Trump Presidency: A Catalyst For The Development Of Nigeria.
On Tuesday, 8th November, 2016, Americans voted to elect the 45th President of the United States of America. Billionaire business mogul, Donald J. Trump, fought a hard presidential battle to become the 45th elected President of 'God's own country' , America.
From the onset, the battle line was drawn between Donald Trump, an unusual man with new ideas, and the American establishment represented by the Clintons who invariably belonged to the old order. The presidential campaigns were heavily-laced with emotions, sentiments, lies, feminism, character assassinations and impeachments, hate speeches, accusations and counter - accusations, as well as promises and messages of hope and restoration. While Hillary Clinton ran a well-organized archetypal campaign that appealed strongly to the elites, Donald Trump's campaign was patternless, undiplomatic, and it targeted the ordinary American people - the people to whom power belonged, the masses who owned America and whom Trump promised that he would return America to. In the same vein, while Hillary Clinton pretended to be an impeccable angel, Donald Trump frankly admitted his human imperfections.
The power of the press as a double-edged sword which could serve as instrument for either information or misinformation, and the conspiracy between the American press and the American establishments manifested prominently in the campaigns. However, while Trump lost the imaginary media votes of the American press, he won majority of the actual votes of the people of America who refused to fall for Hillary Clinton's plethora of media hypes. Like the results of the BREXIT referendum, the electoral victory of Donald Trump is a lesson on the potency of the spirit [power] of the people or what the Dutch refer to as volksgeist . Truly, no one, nothing can stop a determined people from attaining their set goals!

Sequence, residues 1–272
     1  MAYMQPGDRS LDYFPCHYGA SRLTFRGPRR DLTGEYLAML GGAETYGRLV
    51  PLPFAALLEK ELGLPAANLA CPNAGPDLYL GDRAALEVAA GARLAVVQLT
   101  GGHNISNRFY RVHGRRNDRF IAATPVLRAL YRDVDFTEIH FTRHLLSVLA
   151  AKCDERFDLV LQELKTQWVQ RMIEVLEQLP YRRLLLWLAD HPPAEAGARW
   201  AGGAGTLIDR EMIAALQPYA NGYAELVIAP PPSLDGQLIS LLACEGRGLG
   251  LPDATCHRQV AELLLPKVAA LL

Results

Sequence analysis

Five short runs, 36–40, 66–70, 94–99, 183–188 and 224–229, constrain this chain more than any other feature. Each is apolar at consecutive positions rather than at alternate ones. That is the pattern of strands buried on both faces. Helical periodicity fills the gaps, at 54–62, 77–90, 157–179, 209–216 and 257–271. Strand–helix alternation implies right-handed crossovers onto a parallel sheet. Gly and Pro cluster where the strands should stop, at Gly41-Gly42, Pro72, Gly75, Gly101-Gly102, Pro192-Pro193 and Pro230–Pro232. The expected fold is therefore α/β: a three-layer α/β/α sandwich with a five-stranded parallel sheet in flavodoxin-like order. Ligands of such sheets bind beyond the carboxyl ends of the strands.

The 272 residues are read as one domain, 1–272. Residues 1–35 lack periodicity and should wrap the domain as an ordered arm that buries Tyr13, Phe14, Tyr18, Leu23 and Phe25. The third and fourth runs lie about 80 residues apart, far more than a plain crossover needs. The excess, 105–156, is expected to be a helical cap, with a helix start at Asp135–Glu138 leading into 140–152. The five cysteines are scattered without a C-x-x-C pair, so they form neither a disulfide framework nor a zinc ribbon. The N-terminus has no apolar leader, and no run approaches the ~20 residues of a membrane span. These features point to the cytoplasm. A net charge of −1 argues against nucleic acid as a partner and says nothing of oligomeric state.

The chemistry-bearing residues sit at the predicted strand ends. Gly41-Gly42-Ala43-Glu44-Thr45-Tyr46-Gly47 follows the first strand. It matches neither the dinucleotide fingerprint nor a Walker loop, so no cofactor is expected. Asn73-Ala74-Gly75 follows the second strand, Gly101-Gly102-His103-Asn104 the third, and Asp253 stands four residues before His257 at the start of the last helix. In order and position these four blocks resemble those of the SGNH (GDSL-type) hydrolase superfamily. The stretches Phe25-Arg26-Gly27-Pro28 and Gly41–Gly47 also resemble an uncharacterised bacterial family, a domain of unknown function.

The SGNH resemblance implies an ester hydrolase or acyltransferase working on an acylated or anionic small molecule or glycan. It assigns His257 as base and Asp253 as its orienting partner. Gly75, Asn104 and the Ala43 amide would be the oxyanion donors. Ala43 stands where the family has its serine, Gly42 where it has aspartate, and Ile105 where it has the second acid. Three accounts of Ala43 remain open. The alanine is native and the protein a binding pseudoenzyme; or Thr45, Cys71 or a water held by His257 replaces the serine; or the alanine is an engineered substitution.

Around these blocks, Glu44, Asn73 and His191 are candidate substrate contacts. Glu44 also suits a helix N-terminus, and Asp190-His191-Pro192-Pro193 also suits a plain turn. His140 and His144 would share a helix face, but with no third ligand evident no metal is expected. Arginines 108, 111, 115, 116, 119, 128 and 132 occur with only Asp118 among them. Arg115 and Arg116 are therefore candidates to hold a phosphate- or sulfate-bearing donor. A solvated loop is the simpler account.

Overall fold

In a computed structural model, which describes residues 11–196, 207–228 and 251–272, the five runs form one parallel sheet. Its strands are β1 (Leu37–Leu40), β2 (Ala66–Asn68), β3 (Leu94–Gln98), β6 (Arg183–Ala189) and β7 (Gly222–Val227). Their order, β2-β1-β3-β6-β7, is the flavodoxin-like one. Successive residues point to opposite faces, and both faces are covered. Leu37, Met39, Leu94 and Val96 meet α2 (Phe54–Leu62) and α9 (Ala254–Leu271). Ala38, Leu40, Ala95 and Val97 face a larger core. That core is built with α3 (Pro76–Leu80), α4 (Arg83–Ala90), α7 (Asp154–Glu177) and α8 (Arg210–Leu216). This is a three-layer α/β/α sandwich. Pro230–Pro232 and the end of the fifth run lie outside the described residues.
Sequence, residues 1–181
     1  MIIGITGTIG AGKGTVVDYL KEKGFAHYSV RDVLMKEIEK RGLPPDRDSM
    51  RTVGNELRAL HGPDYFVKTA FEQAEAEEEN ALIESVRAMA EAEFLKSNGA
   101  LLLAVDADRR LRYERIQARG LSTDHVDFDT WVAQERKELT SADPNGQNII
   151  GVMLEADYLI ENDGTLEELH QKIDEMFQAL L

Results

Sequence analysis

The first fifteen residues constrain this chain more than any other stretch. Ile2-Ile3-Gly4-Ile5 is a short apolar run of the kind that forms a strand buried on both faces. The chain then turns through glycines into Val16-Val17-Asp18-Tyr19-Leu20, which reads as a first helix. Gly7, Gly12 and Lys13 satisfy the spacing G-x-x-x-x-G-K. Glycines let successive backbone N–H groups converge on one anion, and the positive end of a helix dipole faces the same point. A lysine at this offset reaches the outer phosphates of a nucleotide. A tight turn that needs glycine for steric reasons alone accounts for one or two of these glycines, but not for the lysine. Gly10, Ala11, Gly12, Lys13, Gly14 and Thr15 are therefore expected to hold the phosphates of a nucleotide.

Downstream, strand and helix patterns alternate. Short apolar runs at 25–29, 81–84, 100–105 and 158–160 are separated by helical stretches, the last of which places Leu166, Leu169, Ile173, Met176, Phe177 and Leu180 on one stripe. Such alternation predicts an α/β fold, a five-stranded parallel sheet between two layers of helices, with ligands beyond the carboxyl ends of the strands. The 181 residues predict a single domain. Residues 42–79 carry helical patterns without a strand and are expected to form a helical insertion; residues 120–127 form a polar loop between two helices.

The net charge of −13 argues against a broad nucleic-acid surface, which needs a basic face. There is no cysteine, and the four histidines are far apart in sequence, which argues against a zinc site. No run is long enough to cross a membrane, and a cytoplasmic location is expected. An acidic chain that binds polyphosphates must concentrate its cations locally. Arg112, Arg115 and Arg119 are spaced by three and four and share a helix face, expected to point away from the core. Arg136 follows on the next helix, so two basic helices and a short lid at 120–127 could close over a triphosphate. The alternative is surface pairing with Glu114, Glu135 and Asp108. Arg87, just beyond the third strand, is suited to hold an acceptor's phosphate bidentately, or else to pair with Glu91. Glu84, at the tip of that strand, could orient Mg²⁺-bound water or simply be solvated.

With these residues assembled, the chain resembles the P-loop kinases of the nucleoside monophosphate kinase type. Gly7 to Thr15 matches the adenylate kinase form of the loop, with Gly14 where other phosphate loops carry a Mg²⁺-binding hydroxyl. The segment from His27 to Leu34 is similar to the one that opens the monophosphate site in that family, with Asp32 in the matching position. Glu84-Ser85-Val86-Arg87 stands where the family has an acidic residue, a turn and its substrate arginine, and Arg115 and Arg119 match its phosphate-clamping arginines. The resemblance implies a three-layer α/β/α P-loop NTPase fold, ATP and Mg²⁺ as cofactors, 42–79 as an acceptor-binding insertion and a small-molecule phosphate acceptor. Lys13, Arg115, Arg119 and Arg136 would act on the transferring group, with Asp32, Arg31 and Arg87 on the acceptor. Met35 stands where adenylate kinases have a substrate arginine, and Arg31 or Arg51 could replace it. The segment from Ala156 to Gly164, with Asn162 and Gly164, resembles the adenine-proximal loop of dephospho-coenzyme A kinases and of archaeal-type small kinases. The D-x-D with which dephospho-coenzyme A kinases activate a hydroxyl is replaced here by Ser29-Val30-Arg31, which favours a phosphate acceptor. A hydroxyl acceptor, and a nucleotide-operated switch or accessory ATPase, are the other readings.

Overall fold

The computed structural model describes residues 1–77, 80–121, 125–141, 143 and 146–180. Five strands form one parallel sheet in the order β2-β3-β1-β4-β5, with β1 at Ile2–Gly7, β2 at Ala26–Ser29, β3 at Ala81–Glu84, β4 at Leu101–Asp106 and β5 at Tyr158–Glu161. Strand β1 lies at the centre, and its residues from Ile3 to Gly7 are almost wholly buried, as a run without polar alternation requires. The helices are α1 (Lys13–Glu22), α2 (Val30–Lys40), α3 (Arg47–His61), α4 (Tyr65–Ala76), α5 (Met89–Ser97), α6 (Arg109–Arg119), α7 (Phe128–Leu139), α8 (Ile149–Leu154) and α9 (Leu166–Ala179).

For some reasons connected to Donald Trump's manifesto, the Trump presidential project attracted hatred and disdain from a great number of Islamic extremists, Nigerians, other African as well as developing countries. While some moslem fundamentalist antagonised Donald Trump's presidential project obviously because of his vow to rout terrorists, a larger number of people drawn from Nigeria, Africa and other undeveloped countries complain of Trump's immigration policy which is bent on deporting undocumented residents of America, shutting down all refugee camps and blocking the Mexican and all American borders to ward off illegal immigrants. Given the global economic recession and job losses that this policy will cause, one must admit that these concerns about Donald Trump's policy on immigration are genuine. This is more so in the light of the political and economic climate in the home countries of Africa and in some Asian countries which are characterized by instability, poverty, insecurity, unemployment, diseases and corruption.